A Threat to Hong Kong’s Autonomy?
As protests continue to rock Hong Kong and Beijing gears up for a crackdown, Oliver Leader de Saxe evaluates the state of affairs in this unique city, and whether or not it can hold onto its cherished autonomy from mainland China.
On the 28th of May, the ruling Communist Party of China passed a draft resolution through the National People’s Congress, with the aim of targeting “subversion of state power” and “terrorism or interference by… outside influences” in the semi-autonomous province of Hong Kong. 2,878 delegates voted in favour of the bill; only one voted against. Critics of the bill claim it will allow state forces to target opposition to the government, particularly protestors. Pro-democracy legislator Helena Wong was quoted in The Guardian stating “even the SAR government will not be able to regulate what the agents do in Hong Kong”. The new laws will essentially end the civil liberties held by Hong Kong citizens.
Hong Kong autonomy was always precarious in the ‘one country, two systems’ framework the financial hub adopted after being ceded by the British in 1997. In 2003, the Chinese government tried to implement an article into Hong Kong Basic Law that hauntingly echoes the recent resolution, calling for the city to “enact laws on its own to prohibit any act of treason, secession, sedition, subversion against the Central People’s Government”. Article 23 demonstrates that the recent resolution is just part of a long-held desire by the ruling party to end Hong Kong’s autonomy, which they view a backdoor for Western influence and a threat to the status-quo. And just like recent attempts in 2019 to introduce the Fugitive Offenders Amendment Bill, which would have sent criminals to face trial on the mainland, the 2003 legislation was met with huge backlash and protests from Hong Kong citizens.
Authorities have been given the chance to dismantle the pro-democracy movement, and Hong Kong autonomy, in a more permanent manner
It’s those 2019 protests which are likely the reason for such an aggressive set of measures being introduced. Whilst the 2003 article brought out around half a million protestors to the streets, 2019 saw nearly two million take part in some demonstrations. What began as a simple call to protect civil liberties and withdraw the bill in March quickly spiralled out into something much bigger: the resignation of Chief Executive Carrie Lam and universal suffrage becoming major demands from the protestors, and the District Council Elections in November which returned a pro-democracy landslide with record voter turnout, all but confirmed fears of waning mainland influence in the city. But at the time, China’s hands were tied. With intense foreign speculation about Hong Kong’s future, as well as volatile trade negotiations with the USA, China was unwilling to take more provocative actions to secure control over the province.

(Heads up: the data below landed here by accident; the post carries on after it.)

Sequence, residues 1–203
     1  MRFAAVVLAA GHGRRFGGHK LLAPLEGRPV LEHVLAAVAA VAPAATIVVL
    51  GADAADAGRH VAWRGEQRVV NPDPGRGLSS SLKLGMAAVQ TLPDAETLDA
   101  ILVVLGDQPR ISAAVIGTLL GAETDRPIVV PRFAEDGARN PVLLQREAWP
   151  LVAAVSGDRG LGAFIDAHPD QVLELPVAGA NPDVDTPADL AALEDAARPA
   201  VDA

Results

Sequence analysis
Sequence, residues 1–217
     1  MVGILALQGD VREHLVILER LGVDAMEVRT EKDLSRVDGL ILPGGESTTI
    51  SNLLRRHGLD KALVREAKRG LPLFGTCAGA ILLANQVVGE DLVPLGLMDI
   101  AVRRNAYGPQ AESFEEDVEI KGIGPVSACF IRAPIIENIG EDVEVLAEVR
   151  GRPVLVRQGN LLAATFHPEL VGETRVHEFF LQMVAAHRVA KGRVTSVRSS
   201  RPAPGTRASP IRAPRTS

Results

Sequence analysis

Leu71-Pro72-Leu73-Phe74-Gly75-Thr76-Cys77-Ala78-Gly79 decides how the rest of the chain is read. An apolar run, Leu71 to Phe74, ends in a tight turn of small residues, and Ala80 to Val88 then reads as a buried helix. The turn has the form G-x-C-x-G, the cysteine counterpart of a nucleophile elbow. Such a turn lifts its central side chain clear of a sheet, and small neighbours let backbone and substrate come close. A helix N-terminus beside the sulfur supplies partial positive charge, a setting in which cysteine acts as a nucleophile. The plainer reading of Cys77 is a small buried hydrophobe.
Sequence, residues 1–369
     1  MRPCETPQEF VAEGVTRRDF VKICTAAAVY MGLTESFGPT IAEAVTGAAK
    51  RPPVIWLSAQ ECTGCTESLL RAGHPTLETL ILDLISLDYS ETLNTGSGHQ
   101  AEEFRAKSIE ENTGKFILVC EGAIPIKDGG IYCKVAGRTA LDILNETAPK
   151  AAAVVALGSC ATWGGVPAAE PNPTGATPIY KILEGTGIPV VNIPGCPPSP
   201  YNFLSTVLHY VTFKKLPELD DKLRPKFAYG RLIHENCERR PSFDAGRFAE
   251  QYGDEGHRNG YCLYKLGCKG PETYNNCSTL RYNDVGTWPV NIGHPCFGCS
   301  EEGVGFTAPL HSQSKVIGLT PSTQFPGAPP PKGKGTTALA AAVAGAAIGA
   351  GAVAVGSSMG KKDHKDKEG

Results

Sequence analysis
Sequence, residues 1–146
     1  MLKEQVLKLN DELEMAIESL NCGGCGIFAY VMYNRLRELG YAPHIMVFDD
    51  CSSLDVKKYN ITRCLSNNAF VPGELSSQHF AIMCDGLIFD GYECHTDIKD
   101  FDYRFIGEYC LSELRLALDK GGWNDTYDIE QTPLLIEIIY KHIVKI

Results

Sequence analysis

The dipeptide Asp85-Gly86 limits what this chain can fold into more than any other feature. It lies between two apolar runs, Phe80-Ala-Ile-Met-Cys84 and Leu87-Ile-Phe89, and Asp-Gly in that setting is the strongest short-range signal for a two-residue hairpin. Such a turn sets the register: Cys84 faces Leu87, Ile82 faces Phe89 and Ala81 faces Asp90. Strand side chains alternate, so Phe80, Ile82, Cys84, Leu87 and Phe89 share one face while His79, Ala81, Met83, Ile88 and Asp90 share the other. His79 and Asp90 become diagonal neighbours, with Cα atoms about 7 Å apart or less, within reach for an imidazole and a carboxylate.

The Coronavirus pandemic has presented the perfect opportunity for the Chinese government to attack the semi-autonomous political framework which was supposed to exist until 2047. With the streets empty and the international community distracted, authorities have been given the chance to dismantle the pro-democracy movement, and Hong Kong autonomy, in a more permanent manner. It’s no coincidence that pro-democracy advocates were forcibly removed from Legislative Council on the 18th May, or that 15 key members of the pro-democracy movement, including the Hong Kong’s so-called “Father of Democracy” Martin Lee, were arrested on the 16th of May following the resolution being passed. All of this indicates a long-term approach to ending Hong Kong autonomy; not only by limiting protests, but by removing the political figures stoking the flames of democracy.
This is not to say China’s action have gone unnoticed by the international community. The US is pushing for a bipartisan bill which will impose sanctions on officials and entities that enact new security laws in the province, as well as limit the special position Hong Kong holds in international trade. Meanwhile, Boris Johnson has promised to allow Hong Kong citizens with BNO passports “to come to the UK for a renewable period of 12 months and be given further immigration rights including the right to work which would place them on the route to citizenship” if security laws come into effect. This unprecedented move could apply to up to 3 million people, and considering the solidarity of other members of the Five Eyes intelligence group, Hong Kong could soon become China’s annexation of the Crimea, with the CCP finding itself at the heart of a new cold war. The new security laws prove that Hong Kong’s autonomy was never going to be a question of “if”, but of “how long”. And considering the recent provocative actions taken by the Chinese state, that “how long” is growing shorter by the day.